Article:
An Adolescent Multidisciplinary Bariatric Surgery Program

Friday, October 10, 2014
Room 29 (San Diego Convention Center)
Sigrid Bairdain, MD, Department of Surgery, Boston Children's Hospital, Harvard Medical School, Boston, MA, Nirav Desai, MD, Boston Children's Hospital, Harvard Medical School, Boston, MA and Bradley C. Linden, MD, Pediatric Surgical Associates, Children's Hospitals and Clinics of Minnesota, Minneapolis, MN

Purpose: The current estimates of the prevalence adolescent morbid obesity and severe morbid obesity are 21% and 6.6%, respectively.  Obesity, if left untreated, may result in a variety of comorbid conditions. Similar to adults, those comorbid conditions include: 1) hypertension; 2) insulin resistance and type II diabetes mellitus; 3) obstructive sleep apnea; 4) hyperlipidemia; 5) polycystic ovarian syndrome (PCOS); and, 6) depression and anxiety.  Thus, we aimed to describe a cohort of adolescent patients undergoing bariatric surgery to: 1) describe their surgical outcomes 12 months following surgery; and, 2) outline a model for an adolescent multidisciplinary bariatric surgery program.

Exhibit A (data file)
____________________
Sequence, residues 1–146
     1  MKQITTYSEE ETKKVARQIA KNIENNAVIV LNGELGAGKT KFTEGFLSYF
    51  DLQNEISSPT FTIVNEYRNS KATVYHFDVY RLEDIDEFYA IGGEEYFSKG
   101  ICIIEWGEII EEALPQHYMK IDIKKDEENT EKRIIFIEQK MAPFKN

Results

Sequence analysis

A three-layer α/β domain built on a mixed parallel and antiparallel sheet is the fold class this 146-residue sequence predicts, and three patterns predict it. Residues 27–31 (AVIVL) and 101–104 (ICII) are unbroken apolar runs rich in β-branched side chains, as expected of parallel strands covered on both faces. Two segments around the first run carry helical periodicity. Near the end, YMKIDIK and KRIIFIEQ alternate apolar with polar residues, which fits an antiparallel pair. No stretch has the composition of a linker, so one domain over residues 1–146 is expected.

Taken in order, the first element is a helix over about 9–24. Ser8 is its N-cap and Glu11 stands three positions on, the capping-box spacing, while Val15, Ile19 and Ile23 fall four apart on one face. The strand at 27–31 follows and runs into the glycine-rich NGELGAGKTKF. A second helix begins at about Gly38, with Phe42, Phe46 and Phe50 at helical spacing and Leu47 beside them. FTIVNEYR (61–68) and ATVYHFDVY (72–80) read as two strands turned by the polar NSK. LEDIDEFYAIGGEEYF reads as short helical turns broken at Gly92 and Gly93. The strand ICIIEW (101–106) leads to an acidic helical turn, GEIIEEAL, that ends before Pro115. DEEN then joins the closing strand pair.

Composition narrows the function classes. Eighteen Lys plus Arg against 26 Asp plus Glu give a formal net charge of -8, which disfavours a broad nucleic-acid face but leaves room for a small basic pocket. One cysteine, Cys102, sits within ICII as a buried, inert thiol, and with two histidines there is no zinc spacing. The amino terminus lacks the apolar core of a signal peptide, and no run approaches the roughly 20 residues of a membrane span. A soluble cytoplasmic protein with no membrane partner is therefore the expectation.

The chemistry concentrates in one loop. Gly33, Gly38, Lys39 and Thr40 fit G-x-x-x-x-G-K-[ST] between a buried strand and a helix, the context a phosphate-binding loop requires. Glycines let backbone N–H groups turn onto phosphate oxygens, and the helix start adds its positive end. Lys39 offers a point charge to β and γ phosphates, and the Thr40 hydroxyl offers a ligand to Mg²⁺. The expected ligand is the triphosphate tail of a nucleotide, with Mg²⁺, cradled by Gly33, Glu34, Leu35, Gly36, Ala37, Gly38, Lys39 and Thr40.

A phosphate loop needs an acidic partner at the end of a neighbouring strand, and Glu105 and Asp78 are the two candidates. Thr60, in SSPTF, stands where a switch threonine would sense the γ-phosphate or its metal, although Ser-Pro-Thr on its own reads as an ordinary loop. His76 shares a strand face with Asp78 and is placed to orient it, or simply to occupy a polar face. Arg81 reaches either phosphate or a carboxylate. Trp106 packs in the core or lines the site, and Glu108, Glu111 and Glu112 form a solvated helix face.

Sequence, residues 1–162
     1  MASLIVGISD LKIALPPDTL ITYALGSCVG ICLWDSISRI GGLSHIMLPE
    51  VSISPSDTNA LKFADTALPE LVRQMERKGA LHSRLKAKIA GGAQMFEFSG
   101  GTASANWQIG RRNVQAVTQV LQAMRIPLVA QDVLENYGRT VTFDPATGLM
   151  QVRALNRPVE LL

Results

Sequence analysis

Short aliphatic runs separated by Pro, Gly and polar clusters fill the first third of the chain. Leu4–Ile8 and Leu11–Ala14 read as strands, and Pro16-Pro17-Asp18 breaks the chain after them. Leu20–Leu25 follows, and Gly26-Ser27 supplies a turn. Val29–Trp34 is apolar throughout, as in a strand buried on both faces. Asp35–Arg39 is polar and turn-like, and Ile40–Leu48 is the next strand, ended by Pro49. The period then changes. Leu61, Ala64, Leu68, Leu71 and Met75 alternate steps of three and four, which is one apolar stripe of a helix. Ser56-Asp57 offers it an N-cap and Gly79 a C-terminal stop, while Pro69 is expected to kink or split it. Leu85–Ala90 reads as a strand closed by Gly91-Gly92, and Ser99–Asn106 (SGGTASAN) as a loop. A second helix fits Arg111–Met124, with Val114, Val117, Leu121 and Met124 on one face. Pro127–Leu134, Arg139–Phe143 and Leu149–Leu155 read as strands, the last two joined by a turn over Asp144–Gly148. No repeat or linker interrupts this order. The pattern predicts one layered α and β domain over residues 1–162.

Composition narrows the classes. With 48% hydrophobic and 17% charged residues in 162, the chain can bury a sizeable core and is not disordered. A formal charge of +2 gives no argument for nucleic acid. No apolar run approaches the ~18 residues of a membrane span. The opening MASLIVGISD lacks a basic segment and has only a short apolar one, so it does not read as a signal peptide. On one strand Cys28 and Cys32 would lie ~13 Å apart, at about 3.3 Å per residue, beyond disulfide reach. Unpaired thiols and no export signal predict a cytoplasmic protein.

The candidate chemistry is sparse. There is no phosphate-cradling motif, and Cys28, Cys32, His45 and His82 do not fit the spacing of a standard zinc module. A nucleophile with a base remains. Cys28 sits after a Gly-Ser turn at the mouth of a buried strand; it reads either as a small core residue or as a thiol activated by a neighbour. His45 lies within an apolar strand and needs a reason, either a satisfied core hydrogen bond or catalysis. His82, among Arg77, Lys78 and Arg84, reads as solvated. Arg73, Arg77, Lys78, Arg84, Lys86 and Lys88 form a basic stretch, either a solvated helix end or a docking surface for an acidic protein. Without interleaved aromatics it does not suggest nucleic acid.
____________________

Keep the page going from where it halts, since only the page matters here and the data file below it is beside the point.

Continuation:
Methods: We reviewed all adolescents, who participated in our bariatric surgery multidisciplinary program from January 2010 to December of 2013. Patients were included if they had at least 12 months follow-up following their surgery. Adolescents were evaluated by a multidisciplinary team consisting of a surgeon, pediatric gastroenterologist, dietitian, psychologist, and licensed social worker; each clinic visit was tailored to the individual patient. The number of preoperative clinical visits and time to surgery, anthropometrics, clinical variables and complications were recorded. Main outcome measure was the percentage excess body mass index (%EBMIL) lost.

Results: From January 2010 to December 2013, data from 11 patients were analyzed. Ninety percent (n=10) were female. Median age at surgery was 17 years (range: 14-20 years). 45% had insulin resistance and 100% had depression and anxiety. Median time to surgery was 6 months. Median number of visits per specialist was: Surgeon: 2 visits (range 2-4 visits); Pediatric Gastroenterologist: 5 visits (range 4-8 visits); Dietician: 6 visits (range: 3-11 visits); and, Licensed Social Worker: 4 visits (range 3-5 visits).  Median preoperative body mass index (BMI) was 48.2kg/m2 (range: 40-58.2kg/m2).  All patients underwent a laparoscopic Roux-en-Y Gastric Bypass (RYGB) and 45% (n=5) had a concomitant hiatal hernia repair. Median length of stay was 3 days (range: 2-4 days). There were no complications. At 1 year follow-up, median %EBMIL was 66.7% (range: 14.5%-92%) and all had resolve on their insulin resistance.

Conclusions: Adolescents followed in a multidisciplinary bariatric surgery program showed an improvement in their BMI, clinical conditions, and suffered no complications. Future studies on a large scale are needed to show a continued improvement in their medical and anthropometric profiles.